Editor’s Note: This is part two of a two-part post by Larry Senn. Part one was posted on Feb. 23rd.
Successful mergers and acquisitions must be based primarily on strategic, financial and other objective criteria, but leaders should not lose sight of understanding and heading off the potential clash of cultures that can lead to financial failure. Far too often, cultural and leadership style differences are not considered seriously enough or systematically addressed.
A great deal of evidence indicates that the ultimate success of mergers and the amount of time it takes to get them on track is determined by how well the cultural aspects of the transition are managed. Yet executives generally spend quite a bit less of their time focused on this than other aspects of the deal.
Editor’s Note: This is part one from a two part post by Larry Senn. Part two will post on Feb. 25th.
Every day in the news lately you read about the latest mergers: airlines, pharmaceutical companies, insurance companies, large retailers like Staples and Office Depot, all consolidating for so many business reasons. Some are successful and create flourishing companies that benefit stockholders and employee’s careers. But here’s the really scary reality: It’s been well documented over many years that up to one third of mergers fail within five years, and as many as 80 percent never live up to their full potential. The main reason for this is what has been called ‘cultural clash’.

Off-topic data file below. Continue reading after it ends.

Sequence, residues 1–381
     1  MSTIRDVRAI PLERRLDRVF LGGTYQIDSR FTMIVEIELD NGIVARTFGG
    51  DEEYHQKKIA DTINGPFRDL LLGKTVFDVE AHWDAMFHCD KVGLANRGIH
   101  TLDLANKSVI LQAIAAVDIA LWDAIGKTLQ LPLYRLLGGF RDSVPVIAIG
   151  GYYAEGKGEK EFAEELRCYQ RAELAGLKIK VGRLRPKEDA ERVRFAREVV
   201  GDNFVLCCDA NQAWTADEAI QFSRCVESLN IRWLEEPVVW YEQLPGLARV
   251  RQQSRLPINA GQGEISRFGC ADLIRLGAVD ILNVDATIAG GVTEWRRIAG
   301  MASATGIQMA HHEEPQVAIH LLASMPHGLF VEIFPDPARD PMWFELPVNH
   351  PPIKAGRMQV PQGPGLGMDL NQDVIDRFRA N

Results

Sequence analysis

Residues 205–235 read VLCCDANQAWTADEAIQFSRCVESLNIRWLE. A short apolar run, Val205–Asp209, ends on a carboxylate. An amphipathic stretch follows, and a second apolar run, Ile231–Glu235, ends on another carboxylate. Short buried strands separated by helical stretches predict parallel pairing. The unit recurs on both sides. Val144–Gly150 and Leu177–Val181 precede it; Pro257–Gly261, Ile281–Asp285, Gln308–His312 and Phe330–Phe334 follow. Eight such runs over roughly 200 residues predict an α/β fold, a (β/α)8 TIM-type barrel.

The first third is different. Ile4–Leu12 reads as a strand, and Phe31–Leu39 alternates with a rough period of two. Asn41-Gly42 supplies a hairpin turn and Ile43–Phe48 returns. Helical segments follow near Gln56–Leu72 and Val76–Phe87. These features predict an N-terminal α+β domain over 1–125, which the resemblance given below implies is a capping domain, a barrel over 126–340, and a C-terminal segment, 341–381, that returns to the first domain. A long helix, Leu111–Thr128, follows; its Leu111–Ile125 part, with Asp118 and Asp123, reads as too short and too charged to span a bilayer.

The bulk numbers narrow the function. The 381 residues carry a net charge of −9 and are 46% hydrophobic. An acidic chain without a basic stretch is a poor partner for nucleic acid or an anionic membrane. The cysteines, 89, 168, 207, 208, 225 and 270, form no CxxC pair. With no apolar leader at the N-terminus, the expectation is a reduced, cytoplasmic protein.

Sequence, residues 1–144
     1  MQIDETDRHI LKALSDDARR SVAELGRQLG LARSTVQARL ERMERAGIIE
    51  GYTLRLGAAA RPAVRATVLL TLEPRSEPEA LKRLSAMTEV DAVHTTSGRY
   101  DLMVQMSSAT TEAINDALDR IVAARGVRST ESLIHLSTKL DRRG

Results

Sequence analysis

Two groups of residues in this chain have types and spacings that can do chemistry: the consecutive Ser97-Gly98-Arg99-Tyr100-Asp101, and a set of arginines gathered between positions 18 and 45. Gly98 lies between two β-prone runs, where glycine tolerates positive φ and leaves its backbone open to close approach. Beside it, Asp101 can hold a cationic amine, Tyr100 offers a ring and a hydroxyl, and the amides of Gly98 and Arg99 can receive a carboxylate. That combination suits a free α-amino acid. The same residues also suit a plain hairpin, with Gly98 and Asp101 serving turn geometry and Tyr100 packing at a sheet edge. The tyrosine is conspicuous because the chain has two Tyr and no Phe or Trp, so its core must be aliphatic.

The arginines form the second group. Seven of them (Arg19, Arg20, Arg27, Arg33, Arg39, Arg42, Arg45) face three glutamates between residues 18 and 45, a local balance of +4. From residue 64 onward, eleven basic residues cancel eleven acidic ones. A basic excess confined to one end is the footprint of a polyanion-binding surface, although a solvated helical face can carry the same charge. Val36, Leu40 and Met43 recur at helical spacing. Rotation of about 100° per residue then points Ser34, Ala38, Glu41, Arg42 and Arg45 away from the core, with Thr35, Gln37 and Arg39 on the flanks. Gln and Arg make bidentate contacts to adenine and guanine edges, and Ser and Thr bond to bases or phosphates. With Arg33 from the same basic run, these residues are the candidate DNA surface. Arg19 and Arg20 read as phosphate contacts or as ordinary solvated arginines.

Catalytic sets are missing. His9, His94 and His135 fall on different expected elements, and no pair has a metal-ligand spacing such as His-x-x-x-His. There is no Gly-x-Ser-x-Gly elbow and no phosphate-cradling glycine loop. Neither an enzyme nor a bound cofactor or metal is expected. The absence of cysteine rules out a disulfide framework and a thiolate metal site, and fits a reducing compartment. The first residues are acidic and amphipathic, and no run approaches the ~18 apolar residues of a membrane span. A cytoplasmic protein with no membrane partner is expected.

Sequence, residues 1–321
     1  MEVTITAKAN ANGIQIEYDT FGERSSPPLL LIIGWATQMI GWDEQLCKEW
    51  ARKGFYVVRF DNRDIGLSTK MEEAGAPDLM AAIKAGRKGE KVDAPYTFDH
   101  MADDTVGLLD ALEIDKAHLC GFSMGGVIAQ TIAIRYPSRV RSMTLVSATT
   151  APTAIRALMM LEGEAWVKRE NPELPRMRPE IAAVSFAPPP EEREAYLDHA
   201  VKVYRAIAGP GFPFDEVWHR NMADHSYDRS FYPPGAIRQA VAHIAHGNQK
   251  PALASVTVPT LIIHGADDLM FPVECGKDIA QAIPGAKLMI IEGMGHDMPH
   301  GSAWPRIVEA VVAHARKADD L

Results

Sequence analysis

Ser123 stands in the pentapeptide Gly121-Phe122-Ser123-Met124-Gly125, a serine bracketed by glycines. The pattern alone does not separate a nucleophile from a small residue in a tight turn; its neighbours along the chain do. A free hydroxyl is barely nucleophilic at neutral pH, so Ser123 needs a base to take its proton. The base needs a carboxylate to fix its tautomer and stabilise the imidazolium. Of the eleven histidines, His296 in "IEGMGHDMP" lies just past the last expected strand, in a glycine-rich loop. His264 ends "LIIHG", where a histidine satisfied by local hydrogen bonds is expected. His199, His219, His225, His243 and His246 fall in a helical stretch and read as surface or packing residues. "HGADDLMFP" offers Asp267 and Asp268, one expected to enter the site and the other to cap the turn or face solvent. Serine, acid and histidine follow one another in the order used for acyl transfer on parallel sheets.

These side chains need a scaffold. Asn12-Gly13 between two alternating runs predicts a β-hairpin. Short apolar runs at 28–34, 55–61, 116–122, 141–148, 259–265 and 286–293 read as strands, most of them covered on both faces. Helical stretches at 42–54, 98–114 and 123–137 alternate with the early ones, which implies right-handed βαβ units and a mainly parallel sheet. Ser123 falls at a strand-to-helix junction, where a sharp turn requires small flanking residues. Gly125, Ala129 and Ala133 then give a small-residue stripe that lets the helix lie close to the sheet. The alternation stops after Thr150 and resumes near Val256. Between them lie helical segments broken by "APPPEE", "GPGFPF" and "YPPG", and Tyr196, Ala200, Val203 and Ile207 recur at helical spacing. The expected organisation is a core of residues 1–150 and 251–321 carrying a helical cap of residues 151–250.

Every company, department or team needs a leader. Leaders set the tone for the organization’s culture. It is a proven fact. Can you have a successful company without a CEO? Do football team captains play a major role in a winning season? Does a cruise ship need a captain to reach its destination safely? A focus on leaders is the natural design of how we operate as a society. So what education/training should be offered to develop the leaders, the influencers needed to grow your company, establish your branded culture, and obtain your business revenue goals of tomorrow?
Let’s focus on one of several key attributes a leader should possess: the ability to communicate effectively.
With all the research and literature on employee engagement, it’s amazing that so many companies still get it wrong.
Employee engagement can’t be an afterthought anymore. It has clear and measurable impacts on your company’s bottom-line. Companies spend obscene amounts of money trying to measure engagement and “move the needle,” without any real long term results.
That’s simply because they’re doing it wrong.
An extra bonus check or pizza party won’t really make much of a difference if the core issues are never fully addressed. Companies would be wise to focus on these (free) intrinsic motivators.
Just as every person has a personality, every single organization on the planet already has a culture. But what people really mean when they say they want to embed culture at work is that they want to create a positive culture. One that, combined with the people and the products or services that are sold, makes for an entity that is bigger, stronger and more impactful than the sum of its parts. In my view, the route to achieving this elusive mix and cultivating it into whatever shape it may turn out to be, is best served by an ethos that supports and nurtures a concept that is an almost universal goal – happiness.